Homosexual community deserves equality
Observer Editorial | Friday, March 19, 2004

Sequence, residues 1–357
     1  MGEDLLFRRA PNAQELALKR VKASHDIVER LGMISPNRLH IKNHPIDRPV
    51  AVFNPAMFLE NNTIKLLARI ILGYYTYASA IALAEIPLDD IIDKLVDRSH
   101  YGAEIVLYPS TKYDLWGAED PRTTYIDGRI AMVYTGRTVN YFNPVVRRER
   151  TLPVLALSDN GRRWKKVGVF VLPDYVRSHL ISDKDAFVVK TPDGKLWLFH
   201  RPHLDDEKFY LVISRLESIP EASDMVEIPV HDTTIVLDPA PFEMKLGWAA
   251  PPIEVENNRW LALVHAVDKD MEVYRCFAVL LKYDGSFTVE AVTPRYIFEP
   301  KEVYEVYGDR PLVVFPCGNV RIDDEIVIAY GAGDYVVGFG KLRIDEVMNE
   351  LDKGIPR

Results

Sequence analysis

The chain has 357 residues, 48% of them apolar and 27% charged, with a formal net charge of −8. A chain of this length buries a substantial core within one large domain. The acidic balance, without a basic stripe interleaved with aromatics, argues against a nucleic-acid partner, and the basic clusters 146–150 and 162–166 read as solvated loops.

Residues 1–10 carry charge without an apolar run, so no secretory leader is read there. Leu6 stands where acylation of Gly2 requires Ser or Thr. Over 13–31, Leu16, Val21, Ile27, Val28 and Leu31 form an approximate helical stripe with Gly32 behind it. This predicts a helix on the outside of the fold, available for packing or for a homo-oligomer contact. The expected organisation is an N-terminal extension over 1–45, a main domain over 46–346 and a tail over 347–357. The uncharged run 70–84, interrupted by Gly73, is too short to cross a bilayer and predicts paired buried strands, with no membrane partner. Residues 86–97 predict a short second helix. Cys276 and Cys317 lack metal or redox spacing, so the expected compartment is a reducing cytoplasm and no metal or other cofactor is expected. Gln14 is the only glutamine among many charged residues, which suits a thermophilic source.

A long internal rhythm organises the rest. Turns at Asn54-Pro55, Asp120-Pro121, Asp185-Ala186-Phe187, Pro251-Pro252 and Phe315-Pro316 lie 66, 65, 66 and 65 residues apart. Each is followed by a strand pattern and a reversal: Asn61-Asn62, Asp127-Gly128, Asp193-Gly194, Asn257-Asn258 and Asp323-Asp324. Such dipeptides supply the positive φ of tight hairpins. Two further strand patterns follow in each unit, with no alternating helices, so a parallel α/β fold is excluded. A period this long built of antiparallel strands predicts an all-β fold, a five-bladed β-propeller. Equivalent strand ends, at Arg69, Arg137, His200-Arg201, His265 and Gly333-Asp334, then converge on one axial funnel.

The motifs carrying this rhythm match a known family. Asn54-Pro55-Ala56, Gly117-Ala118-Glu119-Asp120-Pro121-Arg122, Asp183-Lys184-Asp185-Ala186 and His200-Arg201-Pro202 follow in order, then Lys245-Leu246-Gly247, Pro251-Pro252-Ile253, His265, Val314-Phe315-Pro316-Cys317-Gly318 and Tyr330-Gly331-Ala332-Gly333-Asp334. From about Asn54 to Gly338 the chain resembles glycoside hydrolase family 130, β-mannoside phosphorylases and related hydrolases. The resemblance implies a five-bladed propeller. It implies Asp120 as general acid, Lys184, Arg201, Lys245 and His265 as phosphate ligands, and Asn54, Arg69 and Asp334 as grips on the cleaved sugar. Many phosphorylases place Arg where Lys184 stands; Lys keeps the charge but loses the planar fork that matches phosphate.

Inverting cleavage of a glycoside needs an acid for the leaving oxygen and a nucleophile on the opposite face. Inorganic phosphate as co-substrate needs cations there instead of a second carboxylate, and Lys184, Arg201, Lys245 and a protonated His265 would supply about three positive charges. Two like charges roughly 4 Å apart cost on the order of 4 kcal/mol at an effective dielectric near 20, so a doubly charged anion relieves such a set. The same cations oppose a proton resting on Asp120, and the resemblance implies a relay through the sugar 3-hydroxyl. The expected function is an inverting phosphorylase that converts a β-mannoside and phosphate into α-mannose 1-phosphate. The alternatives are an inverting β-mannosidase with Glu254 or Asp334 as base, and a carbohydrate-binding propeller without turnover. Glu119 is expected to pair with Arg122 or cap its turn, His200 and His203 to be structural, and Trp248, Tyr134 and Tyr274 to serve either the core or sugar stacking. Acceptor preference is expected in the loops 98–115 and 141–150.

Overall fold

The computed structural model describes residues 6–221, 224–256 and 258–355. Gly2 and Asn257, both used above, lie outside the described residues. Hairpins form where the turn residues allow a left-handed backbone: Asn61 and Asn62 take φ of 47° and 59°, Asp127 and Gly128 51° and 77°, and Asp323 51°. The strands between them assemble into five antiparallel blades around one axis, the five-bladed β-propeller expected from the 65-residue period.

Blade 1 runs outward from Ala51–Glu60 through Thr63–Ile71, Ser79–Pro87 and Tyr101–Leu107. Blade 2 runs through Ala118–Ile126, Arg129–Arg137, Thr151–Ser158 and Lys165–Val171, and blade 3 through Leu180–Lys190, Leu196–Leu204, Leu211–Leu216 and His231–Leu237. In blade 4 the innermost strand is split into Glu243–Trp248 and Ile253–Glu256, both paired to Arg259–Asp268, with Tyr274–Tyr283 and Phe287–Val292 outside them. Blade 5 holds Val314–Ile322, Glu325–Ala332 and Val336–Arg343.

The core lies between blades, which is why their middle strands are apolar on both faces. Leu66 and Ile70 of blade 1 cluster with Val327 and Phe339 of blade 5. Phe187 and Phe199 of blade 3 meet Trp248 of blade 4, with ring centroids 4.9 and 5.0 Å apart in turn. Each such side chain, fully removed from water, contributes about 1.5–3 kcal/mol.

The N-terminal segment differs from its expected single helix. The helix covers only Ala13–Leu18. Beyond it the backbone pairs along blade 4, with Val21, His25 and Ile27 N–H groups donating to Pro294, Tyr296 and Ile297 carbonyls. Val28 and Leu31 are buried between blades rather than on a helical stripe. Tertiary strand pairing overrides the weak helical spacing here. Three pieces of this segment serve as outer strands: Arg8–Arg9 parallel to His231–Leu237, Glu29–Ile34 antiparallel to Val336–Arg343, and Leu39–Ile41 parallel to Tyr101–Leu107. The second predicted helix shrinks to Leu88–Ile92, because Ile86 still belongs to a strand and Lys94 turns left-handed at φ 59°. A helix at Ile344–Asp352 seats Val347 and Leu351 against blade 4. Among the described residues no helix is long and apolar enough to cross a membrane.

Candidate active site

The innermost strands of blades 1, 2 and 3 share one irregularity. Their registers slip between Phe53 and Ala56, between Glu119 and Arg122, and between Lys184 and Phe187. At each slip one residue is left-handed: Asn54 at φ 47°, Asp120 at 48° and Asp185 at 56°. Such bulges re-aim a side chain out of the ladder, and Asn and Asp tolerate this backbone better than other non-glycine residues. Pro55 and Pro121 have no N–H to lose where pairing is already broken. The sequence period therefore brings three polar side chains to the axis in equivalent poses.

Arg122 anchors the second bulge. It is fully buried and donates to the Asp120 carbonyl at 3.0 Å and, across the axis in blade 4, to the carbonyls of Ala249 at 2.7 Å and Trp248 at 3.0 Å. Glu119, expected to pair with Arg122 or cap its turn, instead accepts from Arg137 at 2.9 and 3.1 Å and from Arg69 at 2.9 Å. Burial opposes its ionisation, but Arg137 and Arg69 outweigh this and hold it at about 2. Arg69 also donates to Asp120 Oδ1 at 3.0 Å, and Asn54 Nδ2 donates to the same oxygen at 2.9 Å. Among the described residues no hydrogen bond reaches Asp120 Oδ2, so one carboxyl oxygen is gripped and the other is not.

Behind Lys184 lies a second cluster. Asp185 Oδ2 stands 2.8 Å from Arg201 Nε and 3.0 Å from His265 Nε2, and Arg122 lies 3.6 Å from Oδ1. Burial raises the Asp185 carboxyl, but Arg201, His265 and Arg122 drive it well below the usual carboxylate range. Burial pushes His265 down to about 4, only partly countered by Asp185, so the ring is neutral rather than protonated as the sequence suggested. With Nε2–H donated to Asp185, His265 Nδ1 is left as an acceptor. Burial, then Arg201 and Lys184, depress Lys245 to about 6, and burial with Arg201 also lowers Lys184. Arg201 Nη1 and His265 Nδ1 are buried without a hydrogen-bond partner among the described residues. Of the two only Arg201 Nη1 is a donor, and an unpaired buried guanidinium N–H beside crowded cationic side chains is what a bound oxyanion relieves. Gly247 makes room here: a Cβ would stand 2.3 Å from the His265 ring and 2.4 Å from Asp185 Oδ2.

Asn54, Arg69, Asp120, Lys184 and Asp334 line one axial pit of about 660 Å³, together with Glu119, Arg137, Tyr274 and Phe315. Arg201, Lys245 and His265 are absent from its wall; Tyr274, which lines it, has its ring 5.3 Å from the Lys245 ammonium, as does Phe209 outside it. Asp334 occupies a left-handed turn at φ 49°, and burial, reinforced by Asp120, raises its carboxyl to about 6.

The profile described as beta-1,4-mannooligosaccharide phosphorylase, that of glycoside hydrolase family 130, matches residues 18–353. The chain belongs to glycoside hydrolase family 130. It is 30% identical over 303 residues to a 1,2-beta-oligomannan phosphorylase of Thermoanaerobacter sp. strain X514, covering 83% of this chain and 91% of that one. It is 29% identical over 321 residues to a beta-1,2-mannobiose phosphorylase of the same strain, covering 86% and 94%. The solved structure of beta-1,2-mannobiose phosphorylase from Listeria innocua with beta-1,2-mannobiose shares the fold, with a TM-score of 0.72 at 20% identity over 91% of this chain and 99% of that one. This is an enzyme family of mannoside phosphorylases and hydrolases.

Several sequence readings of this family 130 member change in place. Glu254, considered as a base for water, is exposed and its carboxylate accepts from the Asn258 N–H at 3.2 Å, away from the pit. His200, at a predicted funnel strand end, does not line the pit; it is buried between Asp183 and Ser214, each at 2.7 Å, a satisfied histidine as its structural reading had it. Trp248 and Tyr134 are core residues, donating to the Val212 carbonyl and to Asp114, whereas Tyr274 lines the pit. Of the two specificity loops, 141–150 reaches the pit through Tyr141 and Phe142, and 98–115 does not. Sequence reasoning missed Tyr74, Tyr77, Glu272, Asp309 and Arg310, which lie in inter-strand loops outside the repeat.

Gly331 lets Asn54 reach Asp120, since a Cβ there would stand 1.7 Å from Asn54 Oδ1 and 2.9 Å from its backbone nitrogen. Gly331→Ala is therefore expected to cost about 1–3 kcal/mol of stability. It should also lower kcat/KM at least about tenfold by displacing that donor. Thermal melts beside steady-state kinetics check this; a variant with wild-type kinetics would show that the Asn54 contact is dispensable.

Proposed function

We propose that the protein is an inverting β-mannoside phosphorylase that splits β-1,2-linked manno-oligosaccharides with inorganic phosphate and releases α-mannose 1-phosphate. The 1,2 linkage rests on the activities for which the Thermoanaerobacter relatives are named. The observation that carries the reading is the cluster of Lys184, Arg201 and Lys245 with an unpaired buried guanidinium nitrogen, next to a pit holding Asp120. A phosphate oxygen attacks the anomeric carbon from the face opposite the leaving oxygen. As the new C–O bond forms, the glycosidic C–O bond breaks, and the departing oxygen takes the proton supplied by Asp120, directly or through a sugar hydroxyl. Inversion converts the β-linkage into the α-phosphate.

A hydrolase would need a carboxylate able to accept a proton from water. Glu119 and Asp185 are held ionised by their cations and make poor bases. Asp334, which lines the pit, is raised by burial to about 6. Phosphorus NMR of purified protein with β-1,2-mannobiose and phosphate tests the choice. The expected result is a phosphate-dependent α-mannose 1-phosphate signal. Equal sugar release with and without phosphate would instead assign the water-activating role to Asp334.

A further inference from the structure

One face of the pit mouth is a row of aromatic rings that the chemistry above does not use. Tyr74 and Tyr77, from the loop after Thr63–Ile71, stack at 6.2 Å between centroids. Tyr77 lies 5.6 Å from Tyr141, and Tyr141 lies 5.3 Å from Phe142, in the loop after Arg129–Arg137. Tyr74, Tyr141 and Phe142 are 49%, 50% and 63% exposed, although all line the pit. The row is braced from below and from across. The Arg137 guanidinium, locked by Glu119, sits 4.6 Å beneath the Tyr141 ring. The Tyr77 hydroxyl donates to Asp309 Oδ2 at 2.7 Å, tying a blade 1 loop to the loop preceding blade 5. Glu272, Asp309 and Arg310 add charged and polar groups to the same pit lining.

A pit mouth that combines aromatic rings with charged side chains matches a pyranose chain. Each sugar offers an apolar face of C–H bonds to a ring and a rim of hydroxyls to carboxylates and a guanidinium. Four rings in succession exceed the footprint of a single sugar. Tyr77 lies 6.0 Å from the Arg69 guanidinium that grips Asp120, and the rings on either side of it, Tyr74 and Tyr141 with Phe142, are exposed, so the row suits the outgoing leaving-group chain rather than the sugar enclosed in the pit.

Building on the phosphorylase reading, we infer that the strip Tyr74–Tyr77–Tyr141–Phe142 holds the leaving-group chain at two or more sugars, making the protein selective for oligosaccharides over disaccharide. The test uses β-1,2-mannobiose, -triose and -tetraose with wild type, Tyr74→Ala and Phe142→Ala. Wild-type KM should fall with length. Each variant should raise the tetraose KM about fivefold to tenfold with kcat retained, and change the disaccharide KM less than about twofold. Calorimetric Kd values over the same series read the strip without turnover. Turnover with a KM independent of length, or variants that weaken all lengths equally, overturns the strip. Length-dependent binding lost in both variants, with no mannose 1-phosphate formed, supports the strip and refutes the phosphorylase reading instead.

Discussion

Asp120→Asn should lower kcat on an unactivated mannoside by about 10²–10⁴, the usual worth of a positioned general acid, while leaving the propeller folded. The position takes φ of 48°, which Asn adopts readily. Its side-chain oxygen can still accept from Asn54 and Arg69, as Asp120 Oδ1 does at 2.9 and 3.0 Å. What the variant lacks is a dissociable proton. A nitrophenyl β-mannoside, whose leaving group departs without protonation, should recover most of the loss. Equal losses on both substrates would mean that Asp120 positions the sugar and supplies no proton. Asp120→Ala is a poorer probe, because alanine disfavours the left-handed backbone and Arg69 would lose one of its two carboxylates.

They made their point. Now, will the University take action?Approximately 1,700 Notre Dame students and scattered faculty members joined together and wore blaze orange T-shirts Thursday that boldly stated “Gay? Fine by me.”Regardless of the individual decisions behind wearing the shirts, the collective message of support for homosexuals was unmistakable. The members of the Gay/Straight Alliance – also known as United in Diversity, an organization that was denied official University club status on March 4 – should be commended for their efforts to bring approximately 20 percent of the University together in a show of solidarity for a group whose place in the community has not always been clear. No administrative stance in recent Notre Dame history has elicited such overwhelming numbers to contest it. The alcohol policy changes couldn’t do it. Parietals couldn’t do it. But injustice towards Notre Dame’s homosexual community has.The avenues currently provided by Notre Dame emphasize individual counseling, which serves to only further classify homosexual students as outcasts in the community. Yes, the University appointed a Standing Committee on Gay and Lesbian Student Needs. Yes, the University provides homosexuals with Campus Ministry resources. But concerning both the official recognition of a student organization and the inclusion of homosexuality in the University’s legal non-discrimination clause, the answer has been a firm no.Now is the time for the administration to take notice of both of these issues, and deliver a long overdue yes.The Princeton Review’s recent distinction of Notre Dame as the most homophobic campus in the United States, therefore, seems to apply more to the administration that perpetuates this mentality on campus than to the actual students who try to curtail it and speak out against it.The show of support Thursday began to dispel this sense of homophobia, but both recognizing a gay student organization and expanding the nondiscrimination clause are necessary to extending acceptance on that essential group level. After turning down United in Diversity, Vice President of Student Affairs Father Mark Poorman wrote that while he welcomes the opportunity to talk to students who proposed the club, he does “not want to create unrealistic expectations about the likelihood of a change in the decision about recognition.” Talk and good intentions will only take the University so far.Notre Dame aims to be the national leader among both Catholic and academic peer institutions. However, Boston College approved its first gay/straight alliance, Allies, on April 15. Duke University, the Princeton Review’s last campus before Notre Dame to hold the “alternative lifestyles are not an alternative” distinction, initiated the T-shirt campaign. In a dialogue critical to the Catholic Church and the intellectual climate of the future, Notre Dame is falling behind.The first step towards true progress lies in changing the non-discrimination clause. The Spirit of Inclusion statement that currently stands in its place walks a fine line – on the surface, it values gay and lesbian members of the community, but still reserves the legal right to discriminate based on sexual orientation. The Board of Trustees voted down the expansion of the clause in 1997 and again in 1999 at a time when members of the community supported the expansion. Since then, Notre Dame’s homosexual and support community have advanced even further, with Thursday being evidence that this marginalized group is gaining followers – and that students do not accept blatant exclusion, perceived excuses or silent ignorance.Notre Dame’s Catholic identity has been cited as the crux of University policy towards homosexuals. While Notre Dame’s Catholic identity is central to its purpose, the University must also realize that it would not exist if it was not an academic institution first. And academic institutions at their foundation are open to free expression, intellectual growth and equality.The arguably successful Notre Dame Queer Film Festival occurred in part because several departments courageously supported it in the name of intellectual expression and academic freedom. As the Festival proved, discussion of homosexuality is not limited to Church teaching. Notre Dame’s administrative policies concerning it shouldn’t either.To further its Catholic purpose, Notre Dame aspires to promote peace, justice and reconciliation. But as long as it fails to promote acceptance, equality and recognition, the real ideals of Catholicism and intellectualism cannot be achieved. Gestures such as the Spirit of Inclusion statement reveal respectful intentions, but stop just short of a true justice and a true embrace.Thursday, a sea of orange reached out with open arms.The University should follow suit by accepting this diverse student group and giving them club status.